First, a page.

‘The opinions of people is all part and parcel of the theatre industry. It’s a critic’s job to be opinionated about everything they see on the stage, from the writing and score to the set design and the performers themselves, and ultimately, a show’s eventual success or failure rests on what they and the audience think of it. In fact, I would say the theatre-going public probably hold more power than the critics do.
Musical theatre fans have an opinion about every aspect of the industry. If you were to read through some of the MT forums, you would find hours and hours worth of discussion on both the best and worst composers, writers, songs, shows, theatres, genres, and so much more. One of the most popular topics of fans’ discussions are the performers themselves though. Everyone has a favourite musical theatre actor and/or actress, although it can vary greatly between each fan as to who they are – where one person can be the No. 1 supporter of a particular performer to the point of obsession, another can hate that same performer with a passion. It’s all relative.
It’s impossible for every musical theatre fan in the world to be completely in sync in regards to how a certain performer is thought of, but generally speaking, there is always an over-ruling majority on one side of the debate. Well-established stage performers like John Owen-Jones, Louise Dearman, Michael Ball, Imelda Staunton, Michael Xavier and Samantha Bark, to name a few, surely have their detractors, but the vast majority of fans hold them in high esteem and there is a general agreement that they are some of the biggest and brightest West End stars around today.
Our species’ ability to think for ourselves is one of our best qualities as far as I’m concerned, and unless we want to be a herd of mindless sheep all thinking, acting and looking the exact same way, it’s not only healthy for people to disagree, but necessary!
There are particular performers who have a certain stigma or reputation attached to them which makes it somewhat ‘uncool’ to declare yourself as a fan of theirs. One who is often talked about in mixed terms is Michael Crawford, for example. He is most closely linked with originating the role of The Phantom in Andrew Lloyd Webber’s The Phantom of the Opera, which was itself cause for contention as he was then primarily known for playing hapless Frank Spencer in the BBC comedy sitcom, Some Mothers Do ‘Ave ‘Em. He won the critics over however, and secured himself a place in the annuls of musical theatre history as the original Phantom. He has also secured himself somewhat of a reputation for being difficult to work with though, which has attracted the damnation of many a fan. He was widely criticised for not singing when he made an appearance at the Royal Albert Hall at the end of the 25th Anniversary production of The Phantom of the Opera, when his former Christine, Sarah Brightman, sang the title song with Phantoms Ramin Karimloo, John Owen-Jones, Colm Wilkinson, Anthony Warlow and Peter Joback.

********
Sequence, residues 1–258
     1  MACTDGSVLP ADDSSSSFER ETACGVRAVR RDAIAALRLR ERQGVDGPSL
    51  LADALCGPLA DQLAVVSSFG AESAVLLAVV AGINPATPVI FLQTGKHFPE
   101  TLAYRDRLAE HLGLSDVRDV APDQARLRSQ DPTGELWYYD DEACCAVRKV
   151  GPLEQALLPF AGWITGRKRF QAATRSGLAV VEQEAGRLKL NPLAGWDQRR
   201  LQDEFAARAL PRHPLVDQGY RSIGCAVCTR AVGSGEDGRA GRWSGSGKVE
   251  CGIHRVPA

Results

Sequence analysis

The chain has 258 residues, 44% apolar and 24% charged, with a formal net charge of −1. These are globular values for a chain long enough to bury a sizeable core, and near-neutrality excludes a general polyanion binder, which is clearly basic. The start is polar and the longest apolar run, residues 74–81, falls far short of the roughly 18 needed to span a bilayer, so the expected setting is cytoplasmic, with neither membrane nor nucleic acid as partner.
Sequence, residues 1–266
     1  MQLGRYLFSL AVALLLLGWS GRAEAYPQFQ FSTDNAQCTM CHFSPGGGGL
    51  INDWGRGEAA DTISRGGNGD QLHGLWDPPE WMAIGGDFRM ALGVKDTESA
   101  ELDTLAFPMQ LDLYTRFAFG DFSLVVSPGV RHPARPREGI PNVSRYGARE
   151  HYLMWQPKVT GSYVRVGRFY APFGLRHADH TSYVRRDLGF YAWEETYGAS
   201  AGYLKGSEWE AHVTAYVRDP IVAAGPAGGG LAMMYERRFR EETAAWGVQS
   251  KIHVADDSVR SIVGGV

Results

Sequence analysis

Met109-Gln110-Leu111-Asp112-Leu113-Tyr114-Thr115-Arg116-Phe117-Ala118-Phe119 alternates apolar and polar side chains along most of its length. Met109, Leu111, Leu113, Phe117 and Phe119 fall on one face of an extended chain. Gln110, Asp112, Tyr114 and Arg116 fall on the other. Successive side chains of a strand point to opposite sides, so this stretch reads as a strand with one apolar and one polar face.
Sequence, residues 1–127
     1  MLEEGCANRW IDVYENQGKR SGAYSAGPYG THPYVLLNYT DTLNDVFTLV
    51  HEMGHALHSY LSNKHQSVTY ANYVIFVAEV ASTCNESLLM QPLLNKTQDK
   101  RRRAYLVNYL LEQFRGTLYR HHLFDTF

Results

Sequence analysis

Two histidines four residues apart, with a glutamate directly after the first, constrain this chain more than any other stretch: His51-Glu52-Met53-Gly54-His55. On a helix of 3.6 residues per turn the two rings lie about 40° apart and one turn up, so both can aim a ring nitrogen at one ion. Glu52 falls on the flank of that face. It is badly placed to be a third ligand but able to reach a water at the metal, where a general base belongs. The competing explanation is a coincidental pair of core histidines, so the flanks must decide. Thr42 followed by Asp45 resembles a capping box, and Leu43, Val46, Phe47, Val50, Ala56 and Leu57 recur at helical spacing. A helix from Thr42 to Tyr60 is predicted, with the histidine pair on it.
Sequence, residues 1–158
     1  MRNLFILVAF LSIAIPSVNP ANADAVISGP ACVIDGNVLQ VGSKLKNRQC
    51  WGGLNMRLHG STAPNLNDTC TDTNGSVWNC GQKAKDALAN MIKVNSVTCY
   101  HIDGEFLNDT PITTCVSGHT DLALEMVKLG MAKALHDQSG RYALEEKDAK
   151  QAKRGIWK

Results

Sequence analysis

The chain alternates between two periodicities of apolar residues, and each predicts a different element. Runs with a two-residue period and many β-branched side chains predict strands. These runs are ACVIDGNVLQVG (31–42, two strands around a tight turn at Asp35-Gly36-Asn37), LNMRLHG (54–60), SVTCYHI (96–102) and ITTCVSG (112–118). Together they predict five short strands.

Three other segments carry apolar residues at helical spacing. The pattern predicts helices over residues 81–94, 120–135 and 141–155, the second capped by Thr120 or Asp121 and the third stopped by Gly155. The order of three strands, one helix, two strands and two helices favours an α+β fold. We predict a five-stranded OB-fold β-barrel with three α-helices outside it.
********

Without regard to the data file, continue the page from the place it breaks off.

Another musical theatre performer who has a long list of stage credits to their name but is not necessarily so well respected for them as other performers is Scottish/American actor John Barrowman. I’ve often heard such words as ‘cheesy’ and ‘annoying’ used in reference to him, and I know there are people out there who like his voice and his work but won’t admit to that fact for fear of being ridiculed.
Just because a majority number of people think of someone in a certain way, such as with Crawford and Barrowman, it doesn’t mean that you have to agree to ‘keep face’, or hide your admirement of them. The opposite is true too. If you don’t rate a performer that most people rave about, then it’s fine to vocalise that. Ramin Karimloo is one of the most popular Phantoms ever, but there were still some who didn’t think he should have been the one to play the role in the 25th Anniversary production.
Not everyone is going to agree with you about the performers you like and dislike, and that’s fine. They shouldn’t. Theatre is all about variety, and not everything in it will appeal to everyone’s personal taste. People should never be afraid to stand against the crowd and voice an opinion that opposes a common mindset though. If you’re a fan of a performer who isn’t exactly one of the popular kids in school, so what? And if you don’t like one of the popular kids? Well, that’s fine too. Either way, you may not be in the majority, but you’ll certainly never be alone.
By Julie Robinson: @missjulie25
Tuesday 18th August 2015